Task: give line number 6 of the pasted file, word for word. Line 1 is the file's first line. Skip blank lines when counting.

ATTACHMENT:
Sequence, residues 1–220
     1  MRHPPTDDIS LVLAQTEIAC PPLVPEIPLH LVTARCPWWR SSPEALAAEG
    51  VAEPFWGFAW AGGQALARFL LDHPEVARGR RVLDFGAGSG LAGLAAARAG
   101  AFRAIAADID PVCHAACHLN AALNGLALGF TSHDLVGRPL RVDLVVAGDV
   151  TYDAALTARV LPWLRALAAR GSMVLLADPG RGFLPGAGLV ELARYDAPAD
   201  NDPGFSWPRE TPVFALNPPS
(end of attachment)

   201  NDPGFSWPRE TPVFALNPPS